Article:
As businesses around the U.S. wait eagerly for loans from the $2 trillion stimulus package passed by Congress, the Small Business Association (SBA) may be struggling with the workload.
Many businesses, it seems, have not yet received the money they need to keep afloat as the coronavirus continues to keep their doors closed. Larry Kudlow, director of the National Economic Council, said there had been 178,000 loans for $50 billion total approved thus far — but that hasn't been the experience enjoyed by small business owners, according to the New York Times on Tuesday (April 7).
However, lenders have been frustrated by the slow-paced systems of the SBA, with hours-long waits to speak with anyone on the phone and a website that has been known to crash under the pressure of the enormous demand for funds.
And many banks are worried about a seeming lack of direction. The SBA's guidance thus far, banks say, has left gray areas where they might not have legal cover to grant loans to some businesses. The banks have been going ahead with those loans anyway, with the possibility that the SBA could later have a technical objection to some loans. That would mean the banks would be unable to take back the sums they're handing out at a later date.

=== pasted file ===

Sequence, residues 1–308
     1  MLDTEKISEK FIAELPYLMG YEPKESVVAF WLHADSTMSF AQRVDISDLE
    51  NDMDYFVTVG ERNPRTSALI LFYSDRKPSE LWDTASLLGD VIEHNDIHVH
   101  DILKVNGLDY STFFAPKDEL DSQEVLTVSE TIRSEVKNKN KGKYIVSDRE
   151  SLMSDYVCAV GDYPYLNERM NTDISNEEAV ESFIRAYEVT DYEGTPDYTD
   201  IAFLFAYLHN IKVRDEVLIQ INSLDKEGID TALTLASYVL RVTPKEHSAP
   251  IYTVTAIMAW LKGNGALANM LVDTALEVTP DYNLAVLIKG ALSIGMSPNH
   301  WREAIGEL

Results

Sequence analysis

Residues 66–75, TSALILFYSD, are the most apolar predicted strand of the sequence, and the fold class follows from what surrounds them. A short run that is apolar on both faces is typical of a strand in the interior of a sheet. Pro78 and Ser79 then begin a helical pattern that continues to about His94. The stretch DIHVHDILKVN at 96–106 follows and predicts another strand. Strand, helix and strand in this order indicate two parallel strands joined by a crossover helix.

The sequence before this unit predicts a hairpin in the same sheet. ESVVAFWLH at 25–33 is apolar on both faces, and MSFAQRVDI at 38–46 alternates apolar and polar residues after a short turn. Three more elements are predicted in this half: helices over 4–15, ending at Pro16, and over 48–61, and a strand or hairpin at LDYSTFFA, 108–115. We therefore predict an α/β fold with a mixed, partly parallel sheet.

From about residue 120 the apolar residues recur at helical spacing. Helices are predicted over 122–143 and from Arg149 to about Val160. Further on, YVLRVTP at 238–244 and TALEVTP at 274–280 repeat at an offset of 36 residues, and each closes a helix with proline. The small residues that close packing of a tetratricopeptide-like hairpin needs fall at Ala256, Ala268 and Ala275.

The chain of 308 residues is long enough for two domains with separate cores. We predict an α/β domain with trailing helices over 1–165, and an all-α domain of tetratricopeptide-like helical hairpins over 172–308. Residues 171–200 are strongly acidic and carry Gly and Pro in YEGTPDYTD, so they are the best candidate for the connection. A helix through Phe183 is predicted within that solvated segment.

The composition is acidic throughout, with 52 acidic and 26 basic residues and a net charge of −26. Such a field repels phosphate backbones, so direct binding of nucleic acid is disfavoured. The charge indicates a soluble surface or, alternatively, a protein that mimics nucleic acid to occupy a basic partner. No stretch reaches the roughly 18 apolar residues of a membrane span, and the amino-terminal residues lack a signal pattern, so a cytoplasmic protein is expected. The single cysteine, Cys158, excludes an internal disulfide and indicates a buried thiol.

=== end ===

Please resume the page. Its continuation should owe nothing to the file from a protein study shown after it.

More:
For instance, the SBA insists that banks use a specific form to close a loan, but the form hasn't been updated, and the language has been inconsistent with what the paycheck program asks for in the loan process.
To help out, some banks have just been going ahead and fixing everything up anyway, in the hopes that banks move forward with closing the loans even despite the incongruity.
But because of the numerous confusions and inconsistencies, even borrowers who have completed everything satisfactorily might not have received money — the banks opt not to disburse the money yet with the unknown variables present.
Some banks have forged ahead on just their own devices, among them New Jersey-based ConnectOne Bank. Chief executive Frank Sorrentino confirmed, according to published reports, that the bank had already begun distributing loans to borrowers.